CFS Fact 1. The typical patient seeking medical care for chronic fatigue syndrome (CFS) is a Caucasian woman in her mid-20s to late 40s. However, anyone at any age can develop this illness.

CFS Fact 2. Recent CDC studies indicate that the prevalence rate in adolescents is slightly lower than that in adults. Cases in children under 12 years old appear to be much less common.

CFS Fact 3. Chronic fatigue syndrome does not appear to be a new illness. Relatively small outbreaks of similar disorders have been described in medical literature since the 1930s.

CFS Fact 4. This illness is called "chronic fatigue syndrome" to reflect the most common symptom — long-term persistent fatigue.

CFS Fact 5. There is no published data to indicate that chronic fatigue syndrome is contagious, that it can be transmitted through intimate or casual contact or by blood transfusion, or that people with CFS need to be isolated in any way.

CFS Fact 6. Without objective diagnostic criteria, the prevalence of chronic fatigue syndrome is difficult to measure. In general, it is estimated that perhaps as many as half a million persons in the U.S. have a CFS-like condition, according to the U.S. Centers for Disease Control.

CFS Fact 7. Chronic fatigue syndrome often begins abruptly, but sometimes the onset is gradual. In about one-third of cases, the sudden onset follows a respiratory, gastrointestinal, or other acute infection with flu-like symptoms, including mononucleosis. Other cases develop after emotional or physical traumas such as bereavement or surgery.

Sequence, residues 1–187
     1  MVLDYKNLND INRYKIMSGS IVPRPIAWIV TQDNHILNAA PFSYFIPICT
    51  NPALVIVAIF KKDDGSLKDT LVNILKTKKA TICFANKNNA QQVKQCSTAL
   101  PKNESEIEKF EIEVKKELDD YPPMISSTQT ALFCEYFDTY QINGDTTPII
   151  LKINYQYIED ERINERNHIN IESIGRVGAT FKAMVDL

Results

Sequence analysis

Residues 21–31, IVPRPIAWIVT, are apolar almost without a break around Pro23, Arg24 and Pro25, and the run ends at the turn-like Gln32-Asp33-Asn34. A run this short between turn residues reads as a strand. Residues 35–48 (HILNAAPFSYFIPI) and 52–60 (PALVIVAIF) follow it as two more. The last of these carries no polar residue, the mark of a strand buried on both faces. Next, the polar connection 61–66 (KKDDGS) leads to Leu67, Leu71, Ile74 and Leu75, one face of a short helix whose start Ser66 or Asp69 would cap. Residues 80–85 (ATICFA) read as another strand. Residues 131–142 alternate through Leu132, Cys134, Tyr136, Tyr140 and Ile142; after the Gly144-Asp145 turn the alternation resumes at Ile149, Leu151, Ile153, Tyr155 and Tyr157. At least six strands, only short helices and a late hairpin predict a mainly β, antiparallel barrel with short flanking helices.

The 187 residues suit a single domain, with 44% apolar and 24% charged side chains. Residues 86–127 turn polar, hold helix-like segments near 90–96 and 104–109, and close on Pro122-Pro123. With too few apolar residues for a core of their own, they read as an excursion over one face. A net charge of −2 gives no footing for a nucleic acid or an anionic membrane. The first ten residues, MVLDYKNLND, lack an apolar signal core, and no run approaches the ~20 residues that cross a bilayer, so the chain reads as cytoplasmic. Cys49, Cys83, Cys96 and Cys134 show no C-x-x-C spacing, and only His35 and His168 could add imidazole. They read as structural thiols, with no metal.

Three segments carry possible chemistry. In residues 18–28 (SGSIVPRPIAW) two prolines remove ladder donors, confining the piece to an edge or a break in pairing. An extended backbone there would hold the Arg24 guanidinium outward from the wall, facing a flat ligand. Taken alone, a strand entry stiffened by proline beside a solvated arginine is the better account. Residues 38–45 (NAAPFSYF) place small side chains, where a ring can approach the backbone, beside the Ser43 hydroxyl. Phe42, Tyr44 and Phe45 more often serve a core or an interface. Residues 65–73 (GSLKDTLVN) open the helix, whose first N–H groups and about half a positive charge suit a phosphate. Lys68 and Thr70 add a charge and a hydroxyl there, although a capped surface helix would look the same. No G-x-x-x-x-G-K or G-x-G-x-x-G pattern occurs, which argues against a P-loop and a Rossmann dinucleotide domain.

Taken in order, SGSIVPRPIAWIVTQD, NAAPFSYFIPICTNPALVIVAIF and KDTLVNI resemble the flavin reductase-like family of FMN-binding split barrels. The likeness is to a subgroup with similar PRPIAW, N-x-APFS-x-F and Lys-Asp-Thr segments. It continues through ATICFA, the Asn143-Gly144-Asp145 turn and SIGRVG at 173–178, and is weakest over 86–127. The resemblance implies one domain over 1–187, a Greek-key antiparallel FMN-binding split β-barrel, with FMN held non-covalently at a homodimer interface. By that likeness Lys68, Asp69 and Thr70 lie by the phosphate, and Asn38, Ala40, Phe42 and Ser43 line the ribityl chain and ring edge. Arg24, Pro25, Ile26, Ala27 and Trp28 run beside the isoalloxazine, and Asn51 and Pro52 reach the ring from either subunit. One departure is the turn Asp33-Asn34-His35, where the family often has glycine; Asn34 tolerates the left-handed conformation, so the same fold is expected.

CFS Fact 8. The severity of chronic fatigue syndrome symptoms vary with each individual. Besides debilitating fatigue that does not go away even with rest, several common symptoms of chronic fatigue syndrome include:

  • more intense or changed patterns of headaches
  • reduced short-term memory or concentration
  • joint pain without joint swelling or redness
  • sleep that is unsatisfying and fails to refresh

CFS Fact 9. Although chronic fatigue syndrome can persist for many years, long-term follow-up studies indicate that chronic fatigue syndrome generally is not a progressive illness. The symptoms usually are most severe in the first year or two.

CFS Fact 10. No specific diagnostic tests or therapies for chronic fatigue syndrome exist. If your health care professional has diagnosed you with chronic fatigue syndrome, treatment is focused on relieving symptoms.

Copyright 2003 National Women's Health Resource Center Inc. (NWHRC)